Week in Regulation
October 28, 2019
FY 2020 Savings Start to Flow
The first few weeks of fiscal year (FY) 2020 have seen fairly modest regulatory cost increases on the regulatory budgeting front. This past week, however, brought a major turn back to the cost savings side of the ledger. Two rulemakings – one proposed, one final – dominated the week with billions of dollars in estimated savings. Across all rulemakings, agencies published $3.7 billion in total net cost savings and cut 21,584 hours of annual paperwork.
- New Proposed Rules: 34
- New Final Rules: 55
- 2019 Total Pages: 57,499
- 2019 Final Rule Costs: $22.8 Billion
- 2019 Proposed Rule Costs: -$4.3 Billion
TRACKING THE REGULATORY BUDGET
The most notable rule for the purposes of the FY 2020 regulatory budget was the final version of the Trump Administration’s contentious measure to recodify the pre-Obama regulations regarding the “Waters of the United States” (WOTUS). The rule – actually released a month and a half ago – is the first step in the administration’s plan to overhaul the regulatory categorization of bodies of water. The relevant agencies (the Environmental Protection Agency and the Army Corps of Engineers) estimate that restoring such regulations to their pre-2015 editions could save affected entities roughly $1.3 billion in net present value.
While it does not yet count towards the FY 2020 regulatory budget given its proposed rule status, there was also a rulemaking that included even greater savings than the WOTUS revision. This proposal out of the Department of Labor (DOL) would establish a “Default Electronic Disclosure by Employee Pension Benefit Plans Under ERISA.” The rulemaking would allow certain plan administrators to offer their required disclosures electronically rather than via paper mailings. DOL estimates that that eliminating the printing and mailing costs involved in this process could save affected entities roughly $2.4 billion over the course of a decade.
For FY 2020, agencies have finalized 11 deregulatory actions and three regulatory actions, totaling $1.1 billion in net cost savings. The Trump Administration has yet to release its regulatory budget goal for FY 2020, though it is expected soon.
THIS WEEK’S REGULATORY PICTURE
This week, the Senate examines the challenges agencies face while collecting regulatory comments online.
On October 24, two subcommittees of the Senate Committee on Homeland Security and Government Affairs, held a joint hearing to review electronic-rulemaking systems used by federal agencies. The Subcommittee on Investigations released a staff report the same day on Abuses of the Federal Notice-and-Comment Rulemaking Process.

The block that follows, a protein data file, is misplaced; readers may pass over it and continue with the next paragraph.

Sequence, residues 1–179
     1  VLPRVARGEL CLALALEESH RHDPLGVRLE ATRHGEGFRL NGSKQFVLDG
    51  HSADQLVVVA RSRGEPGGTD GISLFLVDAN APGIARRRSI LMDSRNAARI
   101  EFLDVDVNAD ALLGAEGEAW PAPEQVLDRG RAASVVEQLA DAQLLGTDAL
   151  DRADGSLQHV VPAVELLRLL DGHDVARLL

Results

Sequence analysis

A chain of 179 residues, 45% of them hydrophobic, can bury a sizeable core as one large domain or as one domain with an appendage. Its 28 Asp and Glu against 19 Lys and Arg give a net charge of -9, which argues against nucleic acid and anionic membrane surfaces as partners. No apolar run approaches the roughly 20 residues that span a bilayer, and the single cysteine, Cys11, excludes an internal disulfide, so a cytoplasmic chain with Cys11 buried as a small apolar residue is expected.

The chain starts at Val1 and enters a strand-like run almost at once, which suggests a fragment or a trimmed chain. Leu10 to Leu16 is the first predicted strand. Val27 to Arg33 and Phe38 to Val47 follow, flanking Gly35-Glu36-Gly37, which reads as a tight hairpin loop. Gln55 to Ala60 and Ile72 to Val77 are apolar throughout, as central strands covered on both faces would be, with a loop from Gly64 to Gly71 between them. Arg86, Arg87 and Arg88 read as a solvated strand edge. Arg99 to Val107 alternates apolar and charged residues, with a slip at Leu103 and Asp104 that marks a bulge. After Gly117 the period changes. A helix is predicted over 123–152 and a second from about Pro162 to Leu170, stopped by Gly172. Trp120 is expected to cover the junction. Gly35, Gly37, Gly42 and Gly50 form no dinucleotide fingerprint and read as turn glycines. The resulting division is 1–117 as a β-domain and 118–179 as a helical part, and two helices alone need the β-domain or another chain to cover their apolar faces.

The Subcommittee surveyed 14 federal agencies, including the Federal Communications Commission, the Environmental Protection Agency, and the Consumer Financial Protection Bureau, on their processes for receiving and posting public comments on their proposed rules. The report found that most agencies do not have a process to deal with complaints that comments have been submitted under a fraudulent identity. This finding is consistent with a June 2019 Government Accountability Office (GAO) report and was reiterated by a GAO official in testimony at the hearing.
A second finding is that most agencies do not have consistent policies on screening and posting the comments they receive from the public. As a result, agencies often post comments that contain abusive language, threats, personal information, and other issues including files containing computer viruses. Another major finding is that none of the government’s online-comment-filing systems use verification methods to prevent posting of comments from bots.
To address these problems that can undermine public participation in the rulemaking process the report recommends that Congress update the E-Government Act of 2002 to specify that agencies should “not accept or post abusive, profane, or threatening comments; irrelevant comments; or comments submitted under a false identity.” It also recommends that Office of Information and Regulatory Affairs and federal agencies work together to develop standards and training for handling problematic comments, including referring allegations of identity theft to law enforcement agencies. A final recommendation is for all commenting systems to consider using verification technology to ensure humans are submitting comments.
Since January 1, the federal government has published $18.4 billion in total net costs (with $22.8 billion in finalized costs) and 47.1 million hours of net annual paperwork burden increases (with 42.7 million coming from final rules). Click here for the latest Reg Rodeo findings.